A UN-recognized World Heritage Site housing the burial grounds of the kings of Buganda was gutted by fire outside Uganda‘s capital of Kampala March 15, sparking fears of renewed tension between the government and ethnic Baganda. Police were deployed to the site in Kasubi, a suburb of the capital, as stones were thrown at firefighters arriving to tackle the blaze.
Kasubi houses burial grounds for four former kings of Buganda. The last king was buried there in 1971. There was no immediate confirmation of the cause of the blaze, and police said investigations are underway. Buganda is one of Uganda’s four historic kingdoms, and the Baganda the country’s most populous ethnic group.
Last September, riots in Kampala left at least 17 dead after the government prevented Ronald Muwenda Mutebi, the current Buganda king, from visiting a district near the capital. The government said the district had its own traditional ruler and it did not owe allegiance to the king. The kingdom’s radio station—the Central Broadcasting Service—remains banned after it was taken off air,accused of inciting violence.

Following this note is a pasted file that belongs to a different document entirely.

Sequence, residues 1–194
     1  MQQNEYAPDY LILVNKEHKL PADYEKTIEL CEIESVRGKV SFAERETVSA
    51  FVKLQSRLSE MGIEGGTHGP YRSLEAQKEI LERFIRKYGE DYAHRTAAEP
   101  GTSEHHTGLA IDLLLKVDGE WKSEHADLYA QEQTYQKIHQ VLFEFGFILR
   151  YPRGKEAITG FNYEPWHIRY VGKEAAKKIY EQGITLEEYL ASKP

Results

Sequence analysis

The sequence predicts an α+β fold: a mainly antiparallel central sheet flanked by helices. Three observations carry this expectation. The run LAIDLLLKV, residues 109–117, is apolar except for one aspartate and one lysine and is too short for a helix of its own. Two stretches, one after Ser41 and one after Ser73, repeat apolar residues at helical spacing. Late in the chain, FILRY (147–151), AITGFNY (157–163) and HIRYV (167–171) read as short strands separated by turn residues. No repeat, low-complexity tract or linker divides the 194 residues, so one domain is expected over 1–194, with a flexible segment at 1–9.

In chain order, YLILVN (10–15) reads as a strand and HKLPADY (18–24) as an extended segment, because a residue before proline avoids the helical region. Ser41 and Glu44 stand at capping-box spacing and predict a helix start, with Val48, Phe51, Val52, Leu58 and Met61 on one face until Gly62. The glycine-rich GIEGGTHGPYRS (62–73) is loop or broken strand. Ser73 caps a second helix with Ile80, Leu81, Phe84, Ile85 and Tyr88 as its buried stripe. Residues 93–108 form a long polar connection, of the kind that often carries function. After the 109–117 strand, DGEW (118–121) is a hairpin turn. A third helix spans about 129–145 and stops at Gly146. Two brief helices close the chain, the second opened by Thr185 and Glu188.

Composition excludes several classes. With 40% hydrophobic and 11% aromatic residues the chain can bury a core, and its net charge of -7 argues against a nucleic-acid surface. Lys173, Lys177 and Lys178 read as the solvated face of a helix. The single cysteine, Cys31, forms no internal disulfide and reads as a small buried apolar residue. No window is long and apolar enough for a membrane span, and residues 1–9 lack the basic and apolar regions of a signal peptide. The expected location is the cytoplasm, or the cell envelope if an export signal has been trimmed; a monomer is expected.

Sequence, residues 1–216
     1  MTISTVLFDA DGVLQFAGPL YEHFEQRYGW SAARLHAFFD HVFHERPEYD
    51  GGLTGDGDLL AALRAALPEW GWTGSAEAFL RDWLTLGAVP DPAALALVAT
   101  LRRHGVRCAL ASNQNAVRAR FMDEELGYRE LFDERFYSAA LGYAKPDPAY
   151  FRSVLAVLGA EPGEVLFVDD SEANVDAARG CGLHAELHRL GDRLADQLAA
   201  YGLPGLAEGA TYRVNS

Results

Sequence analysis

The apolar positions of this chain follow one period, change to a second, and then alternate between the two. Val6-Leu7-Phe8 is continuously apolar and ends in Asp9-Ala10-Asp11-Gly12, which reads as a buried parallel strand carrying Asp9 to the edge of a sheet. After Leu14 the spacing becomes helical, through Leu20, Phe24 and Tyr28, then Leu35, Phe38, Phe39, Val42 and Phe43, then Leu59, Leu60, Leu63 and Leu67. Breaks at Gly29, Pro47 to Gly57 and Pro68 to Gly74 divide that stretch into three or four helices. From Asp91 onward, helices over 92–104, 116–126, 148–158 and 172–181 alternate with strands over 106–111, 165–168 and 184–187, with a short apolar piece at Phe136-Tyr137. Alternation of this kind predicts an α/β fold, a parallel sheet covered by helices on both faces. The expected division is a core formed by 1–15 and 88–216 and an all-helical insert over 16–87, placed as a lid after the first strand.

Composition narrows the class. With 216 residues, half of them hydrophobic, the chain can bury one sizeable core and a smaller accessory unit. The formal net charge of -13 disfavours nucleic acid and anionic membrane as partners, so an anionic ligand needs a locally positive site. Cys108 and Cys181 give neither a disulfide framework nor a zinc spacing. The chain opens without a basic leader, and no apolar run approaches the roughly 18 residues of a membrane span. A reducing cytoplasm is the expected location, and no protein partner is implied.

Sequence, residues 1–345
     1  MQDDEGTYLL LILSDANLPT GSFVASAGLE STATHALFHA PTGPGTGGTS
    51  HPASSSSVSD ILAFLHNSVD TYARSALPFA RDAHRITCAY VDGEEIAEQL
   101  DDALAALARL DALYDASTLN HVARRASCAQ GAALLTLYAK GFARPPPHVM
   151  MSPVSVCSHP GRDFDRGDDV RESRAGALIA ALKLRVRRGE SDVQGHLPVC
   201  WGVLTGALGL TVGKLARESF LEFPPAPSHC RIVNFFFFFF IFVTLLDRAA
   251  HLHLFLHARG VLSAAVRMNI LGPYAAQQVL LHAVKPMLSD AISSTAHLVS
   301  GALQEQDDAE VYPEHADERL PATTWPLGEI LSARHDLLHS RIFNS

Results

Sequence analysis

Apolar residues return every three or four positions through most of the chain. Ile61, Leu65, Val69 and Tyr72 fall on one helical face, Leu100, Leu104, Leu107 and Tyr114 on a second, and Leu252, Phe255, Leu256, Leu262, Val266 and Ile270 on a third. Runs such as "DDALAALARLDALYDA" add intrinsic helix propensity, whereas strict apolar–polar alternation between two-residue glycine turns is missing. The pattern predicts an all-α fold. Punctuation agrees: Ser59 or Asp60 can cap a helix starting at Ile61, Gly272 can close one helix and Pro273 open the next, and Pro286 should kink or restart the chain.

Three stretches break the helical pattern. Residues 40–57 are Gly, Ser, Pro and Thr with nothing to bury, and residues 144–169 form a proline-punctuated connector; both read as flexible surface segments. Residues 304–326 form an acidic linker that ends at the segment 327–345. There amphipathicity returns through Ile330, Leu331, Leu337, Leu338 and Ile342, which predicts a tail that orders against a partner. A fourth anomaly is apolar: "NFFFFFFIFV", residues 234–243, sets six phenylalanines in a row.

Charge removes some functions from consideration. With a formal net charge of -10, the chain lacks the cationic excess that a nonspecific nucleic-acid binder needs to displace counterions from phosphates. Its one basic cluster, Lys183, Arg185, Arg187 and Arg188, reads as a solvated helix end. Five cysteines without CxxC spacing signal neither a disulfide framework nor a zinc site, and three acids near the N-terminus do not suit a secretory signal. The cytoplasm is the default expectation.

Monarchies were restored in Uganda in 1993 after being banned in the 1960s, although hereditary kings are not allowed to participate in elections by either runnning or fielding candidates. (AlJazeera, March 17)
The same day as the blaze, students rioted at Makerere University, the country’s largest. According to Ugandan newspapers, the protests began after two students were shot dead and another critically injured by a security guard during a meeting about the current Student Guild elections. (Global Voices Online, March 17)
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